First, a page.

IT is never too early to start talking about farm succession with family - but it can be too late.
Too often a family crisis is the catalyst to begin the process that transfers the control of management, income and ownership of a farm's operations and assets to the next generation.
Mike Stephens and Associates farm business advisor Anna Cochrane said family relationships and business productivity reap the rewards of starting the conversation early.
While it can be seen as a daunting process that is plagued with destructive stories, Ms Cochrane said the process can be open, transparent and result in a more viable business through good communication.
"Talking about succession planning is all about having courage - it is about having the courage to start the conversation," Ms Cochrane said.
"It is far easier to talk about farm issues than family issues; that includes succession planning."
Succession has become a dirty word within the industry, the negative stigma attached to planning provides enough fuel to discourage families starting to talk about their future.
However, Ms Cochrane said while it can be an emotional journey, it can be positive for relationships and productive for the business and encouraged family members to be empathetic.
"Every family is different, every relationship within the family is different and each family member communicates differently," she said.
"Getting people to talk about succession planning must be the single most important step to making it happen.
"It's not something you can just do on your own, you have to have a conversation, and someone has to start that process - ideally early, without any pressure."
Ms Cochrane answered why most people in the family worry and possibly fear succession, however find it difficult to talk about it, saying farmers were typically passive communicators.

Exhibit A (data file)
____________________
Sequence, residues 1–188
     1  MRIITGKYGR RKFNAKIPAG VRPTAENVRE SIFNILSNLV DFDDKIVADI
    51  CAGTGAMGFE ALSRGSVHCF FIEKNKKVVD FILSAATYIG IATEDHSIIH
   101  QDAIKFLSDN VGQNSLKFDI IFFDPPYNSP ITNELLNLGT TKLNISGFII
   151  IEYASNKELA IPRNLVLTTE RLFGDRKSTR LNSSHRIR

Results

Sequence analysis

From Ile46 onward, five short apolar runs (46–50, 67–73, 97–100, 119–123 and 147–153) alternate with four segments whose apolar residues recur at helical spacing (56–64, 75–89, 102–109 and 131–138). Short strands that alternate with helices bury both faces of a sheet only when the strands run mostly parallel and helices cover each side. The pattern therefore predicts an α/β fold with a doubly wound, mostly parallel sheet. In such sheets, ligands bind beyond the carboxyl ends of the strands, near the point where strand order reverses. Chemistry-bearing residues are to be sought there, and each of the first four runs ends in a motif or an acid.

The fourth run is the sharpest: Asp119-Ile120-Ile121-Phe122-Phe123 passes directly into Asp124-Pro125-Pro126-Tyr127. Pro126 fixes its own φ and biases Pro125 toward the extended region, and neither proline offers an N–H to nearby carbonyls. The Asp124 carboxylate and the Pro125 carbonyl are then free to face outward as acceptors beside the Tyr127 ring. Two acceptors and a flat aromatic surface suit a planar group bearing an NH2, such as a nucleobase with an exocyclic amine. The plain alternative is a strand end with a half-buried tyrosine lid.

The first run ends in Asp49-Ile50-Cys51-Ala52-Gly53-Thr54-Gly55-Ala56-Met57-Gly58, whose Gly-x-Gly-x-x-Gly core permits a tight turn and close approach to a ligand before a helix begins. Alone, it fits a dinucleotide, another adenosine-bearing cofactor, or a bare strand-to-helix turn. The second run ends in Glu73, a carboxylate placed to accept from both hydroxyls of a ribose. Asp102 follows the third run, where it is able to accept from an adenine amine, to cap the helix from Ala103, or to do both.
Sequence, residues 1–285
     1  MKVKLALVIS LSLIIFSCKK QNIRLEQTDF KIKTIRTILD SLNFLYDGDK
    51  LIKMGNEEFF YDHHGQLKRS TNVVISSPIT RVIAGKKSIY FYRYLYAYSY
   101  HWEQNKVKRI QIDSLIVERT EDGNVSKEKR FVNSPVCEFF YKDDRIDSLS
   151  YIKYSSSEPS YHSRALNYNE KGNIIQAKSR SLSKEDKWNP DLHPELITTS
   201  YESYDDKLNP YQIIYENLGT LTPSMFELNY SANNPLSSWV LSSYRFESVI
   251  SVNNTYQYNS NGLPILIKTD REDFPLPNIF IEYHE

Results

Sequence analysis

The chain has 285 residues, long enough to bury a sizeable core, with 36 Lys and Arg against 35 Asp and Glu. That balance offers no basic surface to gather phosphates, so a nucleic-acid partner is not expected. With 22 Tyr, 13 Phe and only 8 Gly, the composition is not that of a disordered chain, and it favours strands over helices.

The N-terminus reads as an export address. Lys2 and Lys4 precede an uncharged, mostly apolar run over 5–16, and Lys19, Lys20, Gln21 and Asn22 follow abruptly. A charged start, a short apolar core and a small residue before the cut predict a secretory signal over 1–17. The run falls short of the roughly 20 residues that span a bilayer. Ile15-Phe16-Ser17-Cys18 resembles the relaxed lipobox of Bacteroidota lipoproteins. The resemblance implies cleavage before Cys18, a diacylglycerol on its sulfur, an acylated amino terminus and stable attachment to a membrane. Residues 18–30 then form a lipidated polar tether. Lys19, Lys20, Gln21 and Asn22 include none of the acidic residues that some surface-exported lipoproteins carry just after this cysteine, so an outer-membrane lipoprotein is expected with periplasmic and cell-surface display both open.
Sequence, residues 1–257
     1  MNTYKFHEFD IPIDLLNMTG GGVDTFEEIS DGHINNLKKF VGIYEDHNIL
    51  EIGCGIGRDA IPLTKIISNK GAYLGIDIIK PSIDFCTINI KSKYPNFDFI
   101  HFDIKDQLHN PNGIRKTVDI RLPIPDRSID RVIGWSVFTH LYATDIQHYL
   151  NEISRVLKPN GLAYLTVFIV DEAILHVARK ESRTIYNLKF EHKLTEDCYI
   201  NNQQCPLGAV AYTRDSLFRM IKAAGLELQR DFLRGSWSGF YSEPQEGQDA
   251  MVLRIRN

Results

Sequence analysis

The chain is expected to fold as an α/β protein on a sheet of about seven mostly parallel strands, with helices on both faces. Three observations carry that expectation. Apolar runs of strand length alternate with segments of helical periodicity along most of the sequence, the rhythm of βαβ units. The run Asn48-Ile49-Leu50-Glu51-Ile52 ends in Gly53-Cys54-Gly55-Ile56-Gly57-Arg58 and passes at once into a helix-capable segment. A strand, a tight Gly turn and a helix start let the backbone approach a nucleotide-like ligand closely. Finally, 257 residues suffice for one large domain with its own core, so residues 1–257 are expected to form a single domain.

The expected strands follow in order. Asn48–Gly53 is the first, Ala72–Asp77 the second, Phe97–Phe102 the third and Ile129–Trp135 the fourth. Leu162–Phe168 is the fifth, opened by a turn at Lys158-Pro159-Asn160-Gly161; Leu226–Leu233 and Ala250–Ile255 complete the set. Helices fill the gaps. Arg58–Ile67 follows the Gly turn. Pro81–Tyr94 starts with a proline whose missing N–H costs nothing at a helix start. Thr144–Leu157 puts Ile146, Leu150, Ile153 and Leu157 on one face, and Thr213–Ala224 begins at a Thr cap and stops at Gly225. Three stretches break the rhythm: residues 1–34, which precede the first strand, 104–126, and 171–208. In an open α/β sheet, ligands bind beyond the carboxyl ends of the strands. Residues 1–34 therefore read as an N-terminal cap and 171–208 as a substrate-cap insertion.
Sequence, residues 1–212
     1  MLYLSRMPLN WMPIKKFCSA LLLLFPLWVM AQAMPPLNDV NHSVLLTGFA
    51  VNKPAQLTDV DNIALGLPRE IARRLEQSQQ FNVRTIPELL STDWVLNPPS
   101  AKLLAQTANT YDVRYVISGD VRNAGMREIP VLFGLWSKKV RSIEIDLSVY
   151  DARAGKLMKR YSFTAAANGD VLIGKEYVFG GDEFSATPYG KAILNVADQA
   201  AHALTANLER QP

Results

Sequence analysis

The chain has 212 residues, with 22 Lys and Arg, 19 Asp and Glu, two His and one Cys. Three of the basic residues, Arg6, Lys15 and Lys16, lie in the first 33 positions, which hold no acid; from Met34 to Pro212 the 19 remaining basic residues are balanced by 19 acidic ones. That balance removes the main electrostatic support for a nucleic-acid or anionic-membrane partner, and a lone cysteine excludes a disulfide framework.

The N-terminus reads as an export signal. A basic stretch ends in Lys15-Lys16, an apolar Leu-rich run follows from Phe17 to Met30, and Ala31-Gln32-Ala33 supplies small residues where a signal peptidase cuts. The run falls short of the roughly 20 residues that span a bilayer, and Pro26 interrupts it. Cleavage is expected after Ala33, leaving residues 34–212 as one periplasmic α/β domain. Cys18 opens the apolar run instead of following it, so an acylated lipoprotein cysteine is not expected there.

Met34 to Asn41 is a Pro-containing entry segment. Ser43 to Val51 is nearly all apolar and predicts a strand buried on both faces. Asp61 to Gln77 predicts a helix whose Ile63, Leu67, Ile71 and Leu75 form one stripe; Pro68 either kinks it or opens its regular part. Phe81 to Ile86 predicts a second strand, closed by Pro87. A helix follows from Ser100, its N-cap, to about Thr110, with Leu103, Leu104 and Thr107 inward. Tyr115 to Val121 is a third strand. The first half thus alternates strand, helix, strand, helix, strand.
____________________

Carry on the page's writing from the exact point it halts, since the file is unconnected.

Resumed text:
"They have developed a pattern of avoiding expressing their feelings and identifying their needs," she said.
"If you are a mum or dad or son or daughter in a farming family, and you want to start the conversation, you will need to identify your feelings, evaluate the consequences of not talking about your goals and desires and find the courage to talk openly about the future of the farm, the business and the family.
"It needs to realised that equitable is not equal and that succession planning is a transitional process not a transactional process."
Often it helps to think about the farm land as an asset, the farm operation as a business and the family as a model of business operation, she said.
"Look at succession planning as a process rather than an event," Ms Cochrane said.
"My advice to families is to have the initial conversation, engage an advisor or consultant and begin the process.
"The earlier Succession Planning is started the more options families have available to them. A great time to start the conversation is when the next generation comes back to live and work on the farm."
Her advice to people wanting to start the succession conversation was to research different approaches consultants' offer, think about key questions you want answered that are important to you, engage a specialist to help you and suggest having regular family meetings where strategy is discussed.
Questions to consider
- What have you built the business for?
- What do you see as the strengths, weaknesses, opportunities and threats of the business?
- Where do you see yourself in five or 10 years' time?
- How do I fit into the plan?
- How does the business fit into my goals?
- Check out Stock & Land's special succession planning in this week's edition of the Stock & Land September 25 edition